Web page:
Withdrawals from inherited IRAs
Recently, I inherited a traditional IRA from my father’s estate that did not name a beneficiary.
Recently, I inherited a traditional IRA from my father’s estate that did not name a beneficiary. Can I make minimum withdrawals from this IRA over my life expectancy or must I take these funds out immediately?
This depends. If your father was required to take minimum distributions, you must take them based on his life expectancy at the time of his death. If he died prior to his “required beginning date” (April 1 of the year following the year he turned 70 1⁄2), you must close out the account within five years. In the event your father would have named you as a beneficiary of the IRA, the result would have been much better. In that case, you could have spread the IRA withdrawals over your own life expectancy to maximize the tax deferral.
Currently, I owe $150,000 on my home mortgage, and another $50,000 of credit card and automobile debt on which I cannot deduct the interest. I am planning to refinance the mortgage for $200,000 and use the excess funds to pay off these debts. Will I be able to deduct all of the interest on my new home mortgage?
Probably so. Since you do not plan to use the additional $50,000 borrowed to improve your home, this is considered “home equity debt” rather than “home acquisition debt.” In general, interest on the home equity debt is fully deductible as long as the total debt does not exceed $100,000, even if you are using the borrowed money for debt reduction or personal purposes.
However, the interest on the $50,000 home equity portion of the new mortgage is not deductible for purposes of the alternative minimum tax. Accordingly, if you are subject to the alternative minimum tax this year, a portion of this interest may not be deductible.
One of my staff members opened a health savings account (HSA) at a local financial institution. I made a contribution to her HSA in 2004. Will she owe federal or state income taxes on it?
No. Contributions by an employer on behalf of an employee to an HSA account are not considered as taxable income to her, nor are your contributions subject to withholding or employment taxes (FICA and FUTA).
Your staff member is free to deduct contributions which she makes to her HSA account, but they are subject to the limitations on total contributions (including yours). The limit is based on her family health policy deductible, but cannot exceed $5,150 for 2004 or $5,650 if she is at least 55.
Doctors should keep in mind that the nondiscrimination rules require you to make comparable contributions for all eligible employees with HSA coverage during the same time. Contributions are considered comparable if they are either the same amount or the same percentage of the policy deductible.
I presently own my professional office building. It has a fair market value of approximately $400,000 and no debt. I am entering into negotiations to sell my practice, and the buyer also is interested in purchasing my office building.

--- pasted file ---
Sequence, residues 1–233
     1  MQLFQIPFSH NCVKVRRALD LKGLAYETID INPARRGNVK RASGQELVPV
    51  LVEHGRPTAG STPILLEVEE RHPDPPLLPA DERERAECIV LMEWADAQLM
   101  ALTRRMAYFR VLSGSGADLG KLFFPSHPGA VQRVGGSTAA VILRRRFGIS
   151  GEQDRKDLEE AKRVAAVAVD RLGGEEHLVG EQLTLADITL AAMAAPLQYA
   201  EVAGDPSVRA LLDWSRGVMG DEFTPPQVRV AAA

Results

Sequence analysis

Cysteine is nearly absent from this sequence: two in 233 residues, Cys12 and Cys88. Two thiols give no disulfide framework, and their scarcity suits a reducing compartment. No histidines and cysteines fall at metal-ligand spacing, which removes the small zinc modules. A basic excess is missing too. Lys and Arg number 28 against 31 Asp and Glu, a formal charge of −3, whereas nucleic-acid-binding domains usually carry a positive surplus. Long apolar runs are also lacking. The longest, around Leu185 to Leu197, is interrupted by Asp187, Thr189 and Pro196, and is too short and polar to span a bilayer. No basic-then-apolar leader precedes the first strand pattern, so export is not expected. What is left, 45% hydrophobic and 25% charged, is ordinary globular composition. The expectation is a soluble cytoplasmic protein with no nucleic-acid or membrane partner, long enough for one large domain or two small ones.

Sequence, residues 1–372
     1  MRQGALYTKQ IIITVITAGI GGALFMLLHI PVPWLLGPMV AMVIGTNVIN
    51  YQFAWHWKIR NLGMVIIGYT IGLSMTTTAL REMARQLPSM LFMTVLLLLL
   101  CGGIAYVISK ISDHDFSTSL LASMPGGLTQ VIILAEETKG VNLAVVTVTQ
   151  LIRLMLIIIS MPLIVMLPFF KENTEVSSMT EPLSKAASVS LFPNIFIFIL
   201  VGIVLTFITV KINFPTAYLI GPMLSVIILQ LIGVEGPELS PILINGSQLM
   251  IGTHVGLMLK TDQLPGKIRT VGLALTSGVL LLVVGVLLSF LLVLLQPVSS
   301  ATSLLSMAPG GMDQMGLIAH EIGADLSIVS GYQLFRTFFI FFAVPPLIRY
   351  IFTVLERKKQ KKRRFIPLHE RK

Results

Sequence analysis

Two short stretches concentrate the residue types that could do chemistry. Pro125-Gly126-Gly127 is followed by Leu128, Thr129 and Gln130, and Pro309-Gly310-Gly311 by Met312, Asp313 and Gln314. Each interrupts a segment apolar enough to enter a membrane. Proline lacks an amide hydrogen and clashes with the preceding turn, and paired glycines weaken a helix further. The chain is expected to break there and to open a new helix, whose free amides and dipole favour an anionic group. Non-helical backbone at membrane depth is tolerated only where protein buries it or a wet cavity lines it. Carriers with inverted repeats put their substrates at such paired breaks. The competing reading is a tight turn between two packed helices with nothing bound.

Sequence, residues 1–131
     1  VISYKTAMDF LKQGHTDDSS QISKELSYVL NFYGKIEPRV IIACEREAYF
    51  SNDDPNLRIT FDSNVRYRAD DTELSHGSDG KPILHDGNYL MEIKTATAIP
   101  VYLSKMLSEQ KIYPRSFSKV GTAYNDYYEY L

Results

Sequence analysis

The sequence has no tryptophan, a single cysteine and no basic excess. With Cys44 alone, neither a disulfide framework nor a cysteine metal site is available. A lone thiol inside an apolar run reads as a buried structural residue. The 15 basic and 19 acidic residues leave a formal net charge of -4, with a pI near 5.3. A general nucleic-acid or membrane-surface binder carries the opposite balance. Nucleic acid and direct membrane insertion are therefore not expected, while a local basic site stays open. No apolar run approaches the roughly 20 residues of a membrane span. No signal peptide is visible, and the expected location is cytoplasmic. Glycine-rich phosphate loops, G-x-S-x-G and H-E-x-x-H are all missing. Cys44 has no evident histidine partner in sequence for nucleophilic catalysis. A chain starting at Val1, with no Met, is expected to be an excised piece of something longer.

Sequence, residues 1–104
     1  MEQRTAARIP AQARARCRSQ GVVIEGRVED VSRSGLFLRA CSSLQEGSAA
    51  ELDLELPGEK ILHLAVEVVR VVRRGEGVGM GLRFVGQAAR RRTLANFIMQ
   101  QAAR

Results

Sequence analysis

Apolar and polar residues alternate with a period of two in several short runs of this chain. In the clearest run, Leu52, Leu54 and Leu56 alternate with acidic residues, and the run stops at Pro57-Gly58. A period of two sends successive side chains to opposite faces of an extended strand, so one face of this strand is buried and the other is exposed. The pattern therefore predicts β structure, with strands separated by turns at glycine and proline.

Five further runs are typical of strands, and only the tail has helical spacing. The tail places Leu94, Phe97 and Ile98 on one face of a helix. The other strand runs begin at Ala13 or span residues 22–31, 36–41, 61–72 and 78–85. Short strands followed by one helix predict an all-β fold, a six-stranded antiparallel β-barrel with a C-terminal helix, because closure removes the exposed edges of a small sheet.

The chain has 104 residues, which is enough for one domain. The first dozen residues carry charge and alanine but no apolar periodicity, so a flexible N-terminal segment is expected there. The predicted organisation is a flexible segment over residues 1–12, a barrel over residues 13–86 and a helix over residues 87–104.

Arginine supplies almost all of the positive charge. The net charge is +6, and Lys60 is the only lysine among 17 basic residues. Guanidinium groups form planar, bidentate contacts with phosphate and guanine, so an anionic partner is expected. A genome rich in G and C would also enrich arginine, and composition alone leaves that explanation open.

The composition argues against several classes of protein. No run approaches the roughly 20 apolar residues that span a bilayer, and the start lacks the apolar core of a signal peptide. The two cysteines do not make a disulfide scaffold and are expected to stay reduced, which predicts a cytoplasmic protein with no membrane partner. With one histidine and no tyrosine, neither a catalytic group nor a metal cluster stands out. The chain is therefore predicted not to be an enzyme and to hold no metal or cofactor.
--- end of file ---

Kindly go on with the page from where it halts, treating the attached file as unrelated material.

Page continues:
I am thinking about retiring to Florida and purchasing a townhouse there. Recently, I read that it may be possible for me to do a tax-free exchange with the buyer of my practice, whereby I would transfer the office building to him in exchange for the transfer of the Florida townhouse to me. I also heard that if I hold the townhouse as rental property for some time - and later convert it to my personal residence - I could then sell it and avoid paying any tax on the gain from the sale, including the office-building profit which was rolled over into the townhouse purchase. Is this correct?
Yes, provided the transaction is properly structured, you should be able to exclude up to $500,000 of gain from the sale of the personal residence. To accomplish this, the transfer of the office building in exchange for the Florida townhouse must be structured as a tax-free exchange under Section 1031. Under these rules, you must be exchanging “like kind” property used for business or investment in exchange for other property with a similar use. This means you would need to rent the Florida townhouse to a third party for some time to establish this as rental/investment property qualifying for tax-free exchange treatment.
Following this, you would need to convert the Florida townhouse into your personal residence. Once you have used this property as your personal residence for at least five years (two years under prior law), you can exclude up to $500,000 of gain (if married) from taxes on the sale. The gain excluded would include any gain from your office building rolled over into the new townhouse.
John K. McGill is a tax attorney, CPA, and MBA, and is the editor of The McGill Advisory, a monthly newsletter helping dentists to maximize profitability, slash taxes, and protect assets. The newsletter ($199 a year) and consulting information are available from John K. McGill and Company, 2810 Coliseum Centre Drive, Suite 360, Charlotte, NC 28217. Call (704) 424-9780 or visit the Web site at www.bmhgroup.com.